The holiday season is full of special treats like gingerbread houses and egg nog that you only get on this special occasion. The delicacies reminded me of one of my favourite resort treats in the Maldives, Soneva Jani “Souffle Station” (!). It featured one of its Soneva Stars visiting chefs Marianne Lumb from the UK who prepared custom souffles to guests at the main restaurant. A coup le souffle from a coup of a soufflé.
Stations are the best of both world of buffets and a la carte – the easy and prompt access of buffets with a chance to visually see your food options, combined with the personalisation and reduced food waste of a la carte. And if there is one Maldivian favourite that is very personal to us it is the breakfast delicacy of mashuni. Lori has it nearly every day when we visit. If it’s not on the buffet or menu, she asks the chef if he can make (which he usually can). And she likes it with just the right amount of chili and coconut. So Emerald’s mashuni station was ideal for her.
She said it was the “best Mashuni ever”. Possibly echoing my standard reply to the most frequently asked question I get of “What is the best resort?” I always say, “The is no ‘best resort’…just the best resort for you.” So maybe there is no “best mashuni”, but there is the “best mashuni for you” at Emerald.
All sorts of buffet “stations” provide a balance between variety of offering with the efficiency and convenience of a buffet. Egg stations are ubiquitous, but resorts have introduced all sorts of variations on the custom preparation theme. Pasta stations are quite popular, but we have never seen one quite as exquisite as Kudafushi’s. Most pasta stations have a tomato sauce and a crème sauce, but Kudafushi features 6 different varieties every evening each with quite a bit of flair.
My favourite was the Blue Cheese sauce, but a group of Italian guests were queuing for the pasta Pesto Siciliano with Cashews one of whom walked away muttering “buonissimo” (hard to get a better endorsement).
Stations are a commonplace feature at resort restaurants providing the freshness and customisation of a la carte with the variety of selection of a buffet. Dhigali brings the concept to the spa with their Natural Scrub Station for facials and body scrubs. Scrubs made custom for your treatment from the following ingredients:
- Sand with clove, cinnamon and cardomon – Maldive rub
Fresh scrubs freshly made from fresh ingredients for fresh skin.
The main rival to eggs benedict for breakfast luxury is steak and eggs. More of an American staple, you don’t find it that often on European menus. So I was delighted to find Cocoon’s Steak and Egg Station at their breakfast buffer. Quite nice cuts of beef grilled to your liking along with your choice of egg accompaniment (I tend to prefer scrambled with my steak and a bit of ketchup, which they also had at hand).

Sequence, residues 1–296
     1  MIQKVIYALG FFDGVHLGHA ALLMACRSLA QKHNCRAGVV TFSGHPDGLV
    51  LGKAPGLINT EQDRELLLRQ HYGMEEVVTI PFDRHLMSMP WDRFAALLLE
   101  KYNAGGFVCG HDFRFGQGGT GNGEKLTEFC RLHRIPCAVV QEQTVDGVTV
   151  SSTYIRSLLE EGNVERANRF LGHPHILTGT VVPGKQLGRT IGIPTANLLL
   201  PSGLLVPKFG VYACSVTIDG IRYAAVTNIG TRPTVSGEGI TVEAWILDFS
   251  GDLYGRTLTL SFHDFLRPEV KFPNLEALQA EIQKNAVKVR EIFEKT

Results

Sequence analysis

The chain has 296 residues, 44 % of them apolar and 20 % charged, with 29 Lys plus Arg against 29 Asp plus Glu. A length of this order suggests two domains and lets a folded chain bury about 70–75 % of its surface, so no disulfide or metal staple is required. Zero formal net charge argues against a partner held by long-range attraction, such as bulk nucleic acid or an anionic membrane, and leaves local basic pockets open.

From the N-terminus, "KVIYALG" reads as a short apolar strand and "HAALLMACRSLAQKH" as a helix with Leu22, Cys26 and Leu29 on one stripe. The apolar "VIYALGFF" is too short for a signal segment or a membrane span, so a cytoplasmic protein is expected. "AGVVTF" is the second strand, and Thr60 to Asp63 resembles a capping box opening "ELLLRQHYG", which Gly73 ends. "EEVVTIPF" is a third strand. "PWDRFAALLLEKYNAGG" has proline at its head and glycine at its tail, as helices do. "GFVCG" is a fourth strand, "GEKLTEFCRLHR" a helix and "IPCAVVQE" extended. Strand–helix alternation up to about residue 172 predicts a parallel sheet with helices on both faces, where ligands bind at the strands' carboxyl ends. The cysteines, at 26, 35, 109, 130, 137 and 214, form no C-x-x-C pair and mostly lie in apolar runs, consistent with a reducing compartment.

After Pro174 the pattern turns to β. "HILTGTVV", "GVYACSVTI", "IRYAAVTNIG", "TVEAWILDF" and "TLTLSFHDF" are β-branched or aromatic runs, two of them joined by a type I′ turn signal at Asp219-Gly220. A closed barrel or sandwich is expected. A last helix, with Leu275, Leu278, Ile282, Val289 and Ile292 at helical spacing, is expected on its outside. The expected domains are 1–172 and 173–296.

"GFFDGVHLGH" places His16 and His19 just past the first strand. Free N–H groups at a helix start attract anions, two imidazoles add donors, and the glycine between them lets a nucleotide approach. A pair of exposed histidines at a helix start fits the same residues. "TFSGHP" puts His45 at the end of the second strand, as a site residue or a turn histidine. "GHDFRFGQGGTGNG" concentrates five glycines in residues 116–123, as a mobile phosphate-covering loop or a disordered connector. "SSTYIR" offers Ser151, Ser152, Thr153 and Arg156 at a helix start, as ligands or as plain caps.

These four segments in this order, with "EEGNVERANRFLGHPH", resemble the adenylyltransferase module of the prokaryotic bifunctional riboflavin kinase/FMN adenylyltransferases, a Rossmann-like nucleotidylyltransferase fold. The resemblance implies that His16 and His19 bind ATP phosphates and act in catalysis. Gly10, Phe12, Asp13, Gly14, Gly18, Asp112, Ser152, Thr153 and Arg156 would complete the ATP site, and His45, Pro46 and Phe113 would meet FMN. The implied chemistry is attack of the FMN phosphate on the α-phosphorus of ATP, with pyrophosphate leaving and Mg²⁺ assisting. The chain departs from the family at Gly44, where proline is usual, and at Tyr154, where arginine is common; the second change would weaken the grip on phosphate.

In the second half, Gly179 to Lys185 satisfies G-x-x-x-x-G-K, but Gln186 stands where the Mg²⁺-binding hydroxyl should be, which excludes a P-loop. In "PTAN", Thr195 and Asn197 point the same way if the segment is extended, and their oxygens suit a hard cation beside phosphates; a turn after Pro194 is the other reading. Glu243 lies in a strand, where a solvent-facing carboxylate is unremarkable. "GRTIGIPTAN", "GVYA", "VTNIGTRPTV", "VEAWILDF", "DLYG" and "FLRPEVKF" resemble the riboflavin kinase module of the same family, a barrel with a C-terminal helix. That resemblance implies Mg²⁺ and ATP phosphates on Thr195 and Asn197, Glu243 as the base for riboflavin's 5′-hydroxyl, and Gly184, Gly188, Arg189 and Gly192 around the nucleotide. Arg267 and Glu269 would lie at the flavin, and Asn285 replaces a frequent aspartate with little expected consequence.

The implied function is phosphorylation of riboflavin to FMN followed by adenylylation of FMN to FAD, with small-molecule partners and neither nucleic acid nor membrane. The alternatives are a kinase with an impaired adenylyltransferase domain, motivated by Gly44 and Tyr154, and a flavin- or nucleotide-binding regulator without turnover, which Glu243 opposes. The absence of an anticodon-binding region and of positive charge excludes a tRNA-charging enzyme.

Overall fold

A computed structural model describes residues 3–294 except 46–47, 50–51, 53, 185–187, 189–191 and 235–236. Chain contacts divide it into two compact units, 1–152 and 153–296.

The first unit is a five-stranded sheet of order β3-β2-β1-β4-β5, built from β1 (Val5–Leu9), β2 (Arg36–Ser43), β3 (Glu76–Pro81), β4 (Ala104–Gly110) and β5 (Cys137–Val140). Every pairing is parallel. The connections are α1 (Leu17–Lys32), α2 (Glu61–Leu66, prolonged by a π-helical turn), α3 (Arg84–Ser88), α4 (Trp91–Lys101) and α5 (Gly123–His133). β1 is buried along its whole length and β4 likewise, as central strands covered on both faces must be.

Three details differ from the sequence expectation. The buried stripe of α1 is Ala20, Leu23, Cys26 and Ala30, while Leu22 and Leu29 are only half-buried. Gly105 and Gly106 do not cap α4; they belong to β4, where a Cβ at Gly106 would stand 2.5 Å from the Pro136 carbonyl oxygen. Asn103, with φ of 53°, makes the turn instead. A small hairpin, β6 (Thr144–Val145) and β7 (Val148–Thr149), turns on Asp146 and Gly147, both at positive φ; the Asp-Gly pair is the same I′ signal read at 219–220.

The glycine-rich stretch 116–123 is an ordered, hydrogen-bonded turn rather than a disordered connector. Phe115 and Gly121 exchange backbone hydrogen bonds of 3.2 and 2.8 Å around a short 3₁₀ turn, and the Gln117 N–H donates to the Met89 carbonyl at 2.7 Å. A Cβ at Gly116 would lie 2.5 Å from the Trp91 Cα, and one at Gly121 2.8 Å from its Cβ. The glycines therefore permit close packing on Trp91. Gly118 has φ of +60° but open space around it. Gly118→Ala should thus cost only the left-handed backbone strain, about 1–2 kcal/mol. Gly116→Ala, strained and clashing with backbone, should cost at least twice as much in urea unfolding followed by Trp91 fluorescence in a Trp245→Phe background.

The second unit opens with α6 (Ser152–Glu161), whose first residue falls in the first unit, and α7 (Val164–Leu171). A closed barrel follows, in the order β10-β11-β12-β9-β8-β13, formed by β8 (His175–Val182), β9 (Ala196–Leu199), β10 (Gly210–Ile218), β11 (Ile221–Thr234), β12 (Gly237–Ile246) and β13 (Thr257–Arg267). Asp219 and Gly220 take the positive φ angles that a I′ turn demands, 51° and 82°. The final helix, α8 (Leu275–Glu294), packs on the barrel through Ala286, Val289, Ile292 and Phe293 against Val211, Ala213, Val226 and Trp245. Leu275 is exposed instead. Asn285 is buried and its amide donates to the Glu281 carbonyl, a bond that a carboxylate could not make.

I always delight in finding things at resorts that I haven’t come across before in other resorts. I especially delight in finding things I had never come across ever in my life. So it was with Olhuveli’s “Pakora”, a kind of ghee-fried fritter. London and the UK is not short of Indian cuisine, but I have never had a pakora in decades of living here. Not to mention visiting the Indian Ocean neighbour for nearly as long. And not only did the resort offer the treat, but they had a special “Pakora Station” which made several variations on the culinary theme fresh to order.
I’ve also decide to add a “Station” tag to the blog to highlight the distinctive “fresh, made to order” preparations available at buffets around the Maldives.
And Finolhu has a bagel station for people who prefer their round dough morning thing savoury not sweet. Four different varieties of bagels and more toppings than I have seen this side of New York’s West Side. Of course, smoked salmon, but the smoked shrimps were a revelation. They also had smoked tuna and smoked king fish. As well as an assortment of cold cuts and other cheeses.
When I visited Morocco, I enjoyed a night in a Bedouin tent under the desert stars, but I must say that the highlight was the bustling, buzzing Marrakesh market square at night. An acre-sized tapestry of tiny market stalls all cooking up some specific delicacy concocted from the colour full piles of spices we saw touring the souks earlier that day. Club Med Finolhu Villas has the posh version of Jemaa el Fna with a collection of gourmet stations to cook you a variety of dishes for your meal.
You get to see the food like a buffet (instead of depending on menu descriptions), but freshly prepared to order like a la carte. We’ve all had our freshly prepared eggs and noodles dishes, but these were filet beef and sautéed fish dishes with delicate sauces. The approach was particularly helpful for people with weak English. But one of the biggest benefits was reduction of food waste. The on-demand cuisine meant that only food people were going to eat was prepared instead of large mounds of buffet offerings which (by definition) never get fully consumed (see the explanatory sign at the resort restaurant below).